These people are God’s people here and throughout Atascocita. God is their shepherd.

Jesus is their Good Shepherd.

I have been given oversight of this flock and so these people are entrusted to me and tonight I entrust them to you.

As the service says, “These are signs of yours and my ministry in this place.”

When you stand at the altar you do so in my place.

Take care of God’s people. Take care of my people. Take care of our people.

They are good people. Follow them out into the world of their lives and make your missionary field in the spaces in which they travel during the week.

Visit them in their homes. Visit them in their work places. Ask them their story and seek to understand the vision God gives them. Listen to them and invite them into the work the church is given to do.

David, lead these people with all their gifts in changing the world around you.

Lead these people by loving them first and by loving the world around you.

Lead these people in the mission of Christ, rebuild the connection between this church and the community which surrounds you.

Lead these people with all the gifts God has given.

Promote the body’s growth.

Built it into a body of love.

Let me end where I began with Texas George. He writes in his concluding remarks to those priests to be, clergy and missionaries gathered before him:

Therefore, come up to the help of the Lord; to the help of the Lord against the mighty. The work may be slow and arduous, but in God’s time, in His way, and by His means, victory will crown our efforts in the end. “Come it will, and come it must,…. what a joy and privilege to feel that we can, indeed , help in such work and do battle for Christ and serve in His army and share in the ultimate triumph of His glorious cause. The vision comforted St. John at Patmos, when he saw the Holy city, new Jerusalem, coming down out of Heaven from God, having the glory of God. St. Augustine gazed with rapture upon the same entrancing sight while the Roman Empire was crumbling to pieces around him and the Voice of God whispers to our souls, even as we speak, and bids us gaze in faith upon a like vision and even while we look it may cease to be vision by becoming transformed into a consummate reality.

David, where you have the will, where God gives you a vision, may God give you the grace and power to help as a privileged missionary to make it real in the lives of the people of Christ the King and Atascocita.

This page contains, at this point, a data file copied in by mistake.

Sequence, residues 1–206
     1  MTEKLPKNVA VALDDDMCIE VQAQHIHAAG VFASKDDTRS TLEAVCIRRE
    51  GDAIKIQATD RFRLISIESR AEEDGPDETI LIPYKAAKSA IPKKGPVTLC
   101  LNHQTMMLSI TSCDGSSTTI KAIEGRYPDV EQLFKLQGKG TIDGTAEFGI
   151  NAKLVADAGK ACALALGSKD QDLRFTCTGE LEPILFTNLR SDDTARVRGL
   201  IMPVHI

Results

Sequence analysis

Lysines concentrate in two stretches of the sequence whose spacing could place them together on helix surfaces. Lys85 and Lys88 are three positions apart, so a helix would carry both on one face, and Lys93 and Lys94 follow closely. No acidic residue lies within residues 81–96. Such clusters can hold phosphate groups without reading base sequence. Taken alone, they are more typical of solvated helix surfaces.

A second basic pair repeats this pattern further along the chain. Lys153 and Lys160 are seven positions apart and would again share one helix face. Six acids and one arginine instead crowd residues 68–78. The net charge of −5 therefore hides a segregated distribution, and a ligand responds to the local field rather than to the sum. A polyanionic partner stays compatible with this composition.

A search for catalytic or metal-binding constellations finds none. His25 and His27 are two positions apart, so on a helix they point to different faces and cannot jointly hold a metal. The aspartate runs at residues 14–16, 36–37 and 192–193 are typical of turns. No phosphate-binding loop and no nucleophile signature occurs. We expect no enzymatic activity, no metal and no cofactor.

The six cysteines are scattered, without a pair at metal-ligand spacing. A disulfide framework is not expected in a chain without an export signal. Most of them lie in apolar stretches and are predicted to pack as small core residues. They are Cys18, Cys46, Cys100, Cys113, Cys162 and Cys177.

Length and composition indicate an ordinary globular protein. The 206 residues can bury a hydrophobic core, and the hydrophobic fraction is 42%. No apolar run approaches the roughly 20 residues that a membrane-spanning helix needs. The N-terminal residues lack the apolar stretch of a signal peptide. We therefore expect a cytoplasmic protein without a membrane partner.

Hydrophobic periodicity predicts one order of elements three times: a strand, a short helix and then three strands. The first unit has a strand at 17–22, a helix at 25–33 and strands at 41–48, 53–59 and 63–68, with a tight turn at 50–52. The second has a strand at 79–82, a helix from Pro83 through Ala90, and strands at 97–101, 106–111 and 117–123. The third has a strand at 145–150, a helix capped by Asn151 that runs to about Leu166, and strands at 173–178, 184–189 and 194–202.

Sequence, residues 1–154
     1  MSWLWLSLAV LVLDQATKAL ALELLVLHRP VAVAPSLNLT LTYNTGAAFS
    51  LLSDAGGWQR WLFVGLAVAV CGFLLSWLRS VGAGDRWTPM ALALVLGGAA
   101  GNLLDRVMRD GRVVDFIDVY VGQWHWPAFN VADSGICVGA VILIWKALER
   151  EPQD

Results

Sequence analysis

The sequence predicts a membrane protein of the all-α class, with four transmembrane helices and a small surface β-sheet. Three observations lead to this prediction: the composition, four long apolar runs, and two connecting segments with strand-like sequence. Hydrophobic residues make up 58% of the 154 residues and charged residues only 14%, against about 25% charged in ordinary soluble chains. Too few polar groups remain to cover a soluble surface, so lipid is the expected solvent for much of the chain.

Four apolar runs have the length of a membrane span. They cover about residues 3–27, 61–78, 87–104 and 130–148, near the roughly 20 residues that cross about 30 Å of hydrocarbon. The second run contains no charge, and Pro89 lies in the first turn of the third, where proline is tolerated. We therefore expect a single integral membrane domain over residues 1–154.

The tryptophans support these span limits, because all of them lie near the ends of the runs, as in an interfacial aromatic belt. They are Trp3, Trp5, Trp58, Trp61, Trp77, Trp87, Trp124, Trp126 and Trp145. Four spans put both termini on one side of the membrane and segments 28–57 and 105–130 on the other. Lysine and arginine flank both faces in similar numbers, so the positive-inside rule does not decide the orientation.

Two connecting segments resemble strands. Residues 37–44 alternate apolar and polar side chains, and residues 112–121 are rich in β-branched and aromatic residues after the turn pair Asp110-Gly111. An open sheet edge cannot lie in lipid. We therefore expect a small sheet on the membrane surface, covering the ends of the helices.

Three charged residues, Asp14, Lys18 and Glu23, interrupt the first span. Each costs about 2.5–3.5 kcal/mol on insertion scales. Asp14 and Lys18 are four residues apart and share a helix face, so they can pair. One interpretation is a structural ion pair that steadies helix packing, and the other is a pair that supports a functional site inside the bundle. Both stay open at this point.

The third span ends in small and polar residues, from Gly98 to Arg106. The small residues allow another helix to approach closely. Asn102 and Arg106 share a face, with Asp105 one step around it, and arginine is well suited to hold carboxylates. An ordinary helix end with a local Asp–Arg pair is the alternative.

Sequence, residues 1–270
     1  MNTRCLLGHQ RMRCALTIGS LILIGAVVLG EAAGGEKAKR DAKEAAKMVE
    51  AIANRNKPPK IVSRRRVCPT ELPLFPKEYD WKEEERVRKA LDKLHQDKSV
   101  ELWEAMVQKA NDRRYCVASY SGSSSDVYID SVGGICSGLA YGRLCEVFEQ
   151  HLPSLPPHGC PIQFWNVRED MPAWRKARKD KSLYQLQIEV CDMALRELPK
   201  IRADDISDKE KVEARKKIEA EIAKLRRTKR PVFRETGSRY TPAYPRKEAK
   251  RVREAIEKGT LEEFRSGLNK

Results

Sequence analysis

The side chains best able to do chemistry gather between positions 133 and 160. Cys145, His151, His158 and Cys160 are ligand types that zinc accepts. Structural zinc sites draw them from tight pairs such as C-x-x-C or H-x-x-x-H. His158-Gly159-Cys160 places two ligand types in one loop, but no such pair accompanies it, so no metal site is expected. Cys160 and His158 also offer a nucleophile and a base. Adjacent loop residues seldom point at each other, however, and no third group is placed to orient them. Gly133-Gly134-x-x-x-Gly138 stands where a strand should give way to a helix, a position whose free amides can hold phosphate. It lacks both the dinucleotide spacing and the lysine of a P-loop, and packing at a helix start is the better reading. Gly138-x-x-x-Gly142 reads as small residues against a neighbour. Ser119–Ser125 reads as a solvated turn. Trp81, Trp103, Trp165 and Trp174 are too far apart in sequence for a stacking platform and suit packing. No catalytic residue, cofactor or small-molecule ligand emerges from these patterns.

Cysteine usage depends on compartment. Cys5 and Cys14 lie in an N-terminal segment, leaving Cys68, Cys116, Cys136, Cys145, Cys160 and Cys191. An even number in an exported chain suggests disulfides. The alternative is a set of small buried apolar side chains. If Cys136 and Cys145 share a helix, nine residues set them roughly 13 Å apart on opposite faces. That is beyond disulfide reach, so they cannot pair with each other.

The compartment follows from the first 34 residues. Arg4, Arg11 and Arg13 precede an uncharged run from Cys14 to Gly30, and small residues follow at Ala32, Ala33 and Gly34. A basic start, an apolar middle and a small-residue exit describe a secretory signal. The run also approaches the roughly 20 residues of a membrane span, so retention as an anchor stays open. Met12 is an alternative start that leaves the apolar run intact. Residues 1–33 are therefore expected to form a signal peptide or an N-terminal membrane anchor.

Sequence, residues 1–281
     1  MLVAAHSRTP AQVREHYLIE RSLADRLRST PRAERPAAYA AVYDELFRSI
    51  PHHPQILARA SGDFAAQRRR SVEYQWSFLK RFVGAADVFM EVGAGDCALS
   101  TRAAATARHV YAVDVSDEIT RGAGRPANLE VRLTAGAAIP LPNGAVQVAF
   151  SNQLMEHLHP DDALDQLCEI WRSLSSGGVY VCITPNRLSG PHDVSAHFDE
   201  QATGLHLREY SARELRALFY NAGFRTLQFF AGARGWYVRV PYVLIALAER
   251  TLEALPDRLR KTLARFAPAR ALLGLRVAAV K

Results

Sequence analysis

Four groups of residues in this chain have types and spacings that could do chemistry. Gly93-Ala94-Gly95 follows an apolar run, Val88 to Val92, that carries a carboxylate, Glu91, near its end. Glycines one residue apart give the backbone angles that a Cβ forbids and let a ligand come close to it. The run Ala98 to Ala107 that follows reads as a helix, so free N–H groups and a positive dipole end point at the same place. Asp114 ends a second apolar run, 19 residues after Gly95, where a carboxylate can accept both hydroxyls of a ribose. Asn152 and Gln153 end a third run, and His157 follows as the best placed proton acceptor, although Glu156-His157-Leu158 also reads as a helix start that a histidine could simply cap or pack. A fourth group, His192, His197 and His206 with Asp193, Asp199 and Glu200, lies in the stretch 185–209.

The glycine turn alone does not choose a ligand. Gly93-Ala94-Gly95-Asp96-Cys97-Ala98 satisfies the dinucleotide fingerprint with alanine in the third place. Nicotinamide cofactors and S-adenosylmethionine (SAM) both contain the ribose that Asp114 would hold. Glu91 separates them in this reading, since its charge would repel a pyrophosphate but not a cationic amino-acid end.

Blog Archive

Quotes

  • "Christianity is not a theory or speculation, but a life; not a philosophy of life, but a life and a living process." Samuel Taylor Coleridge
  • "Most people are willing to take the Sermon on the Mount as a flag to sail under, but few will use it as a rudder by which to steer." Oliver Wendell Holmes
  • "Perfection, in a Christian sense, means becoming mature enough to give ourselves to others." Kathleen Norris
  • "Do all the good you can, by all the means you can, in all the ways you can, in all the places you can, at all the times you can, to all the people you can, as long as ever you can." John Wesley
  • "The Christian ideal has not been tried and found wanting; it has been found difficult and left untried." G. K. Chesterton
  • "One of our great allies at present is the Church itself. Do not misunderstand me. I do not mean the Church as we see her spread out through all time and space and rooted in eternity, terrible as an army with banners. That, I confess, is a spectacle which makes our boldest tempters uneasy. But fortunately it is quite invisible to these humans." C. S. Lewis
  • "When we say, 'I love Jesus, but I hate the Church,' we end up losing not only the Church but Jesus too. The challenge is to forgive the Church. This challenge is especially great because the church seldom asks us for forgiveness." Henri Nouwen, Bread for the Journey
  • "Christians are hard to tolerate; I don't know how Jesus does it." Bono
  • "It's too easy to get caught in our little church subcultures, and the result is that the only younger people we might know are Christians who are already inside the church." Dan Kimball